Let me repeat: propaganda should not consist of lies. This is true both for ethical reasons (although some would say--especially today, on Valentine's Day--that all's fair in love and war) and for practical ones. I believe that truth is a far more effective weapon than lies, because it is much harder to discredit, and far less likely to backfire, especially in our modern world of sophisticated communications.
Somehow many of us have become convinced of the idea that patriotism is identical with chauvinism, and that both are identical with bigotry; also, that propaganda is equal to lies. None of this is the case. And, in fact, we need to reclaim both patriotism and propaganda, or we may find ourselves in a struggle similar to the one described by that master of propaganda, Winston Churchill (which I hereby offer without a hint of apology):
Still, if you will not fight for the right when you can easily win without bloodshed, and still yet if you will not fight when your victory will be sure and not so costly, you may come to the moment when you will have to fight with all the odds against you, and only a precarious chance for survival. - There may be a worse case. You may have to fight when there is no chance of victory, because it is better to perish than to live as slaves.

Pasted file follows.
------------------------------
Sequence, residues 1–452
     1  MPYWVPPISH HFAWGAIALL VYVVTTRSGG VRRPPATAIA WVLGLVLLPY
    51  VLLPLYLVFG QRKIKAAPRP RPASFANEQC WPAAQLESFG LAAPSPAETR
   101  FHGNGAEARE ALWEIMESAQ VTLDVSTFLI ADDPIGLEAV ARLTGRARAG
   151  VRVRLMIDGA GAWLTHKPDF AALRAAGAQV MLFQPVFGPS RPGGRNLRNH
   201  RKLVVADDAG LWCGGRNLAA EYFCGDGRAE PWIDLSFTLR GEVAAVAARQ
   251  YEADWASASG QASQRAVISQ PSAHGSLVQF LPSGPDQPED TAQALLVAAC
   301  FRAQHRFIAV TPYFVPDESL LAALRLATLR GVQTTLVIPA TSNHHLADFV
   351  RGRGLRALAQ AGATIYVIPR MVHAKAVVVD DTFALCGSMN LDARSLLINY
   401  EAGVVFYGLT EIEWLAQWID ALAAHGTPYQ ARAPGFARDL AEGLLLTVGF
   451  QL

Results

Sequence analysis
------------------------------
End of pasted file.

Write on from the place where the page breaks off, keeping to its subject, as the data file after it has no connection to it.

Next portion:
And here is another example. It is how Churchill appealed to his fellow-citizens in the first speech he made as their new Prime Minister, during the dark days of 1940:
You ask, what is our policy? I can say: It is to wage war, by sea, land and air, with all our might and with all the strength that God can give us; to wage war against a monstrous tyranny, never surpassed in the dark, lamentable catalogue of human crime. That is our policy.
You ask, what is our aim? I can answer in one word: It is victory, victory at all costs, victory in spite of all terror, victory, however long and hard the road may be; for without victory, there is no survival.
A different situation, of course. Certainly a different man, and a different time.
But one thing is quite the same, and that is his thought: without victory, there is no survival. I believe that we are actually fighting for the survival of the Western world of the Enlightenment, of the protection of human rights, and of respect for all of humankind. If those ideals are sometimes violated by the West--and there is no doubt whatsoever that they are--these are nothing as to what would occur if jihadist Islamicists were to be triumphant instead.
And to that end--the survival of the Western world of the Enlightment--and towards that victory, I'm willing to enlist Batman, as well as other propagandists such as Churchill--Winston, that is, not Ward.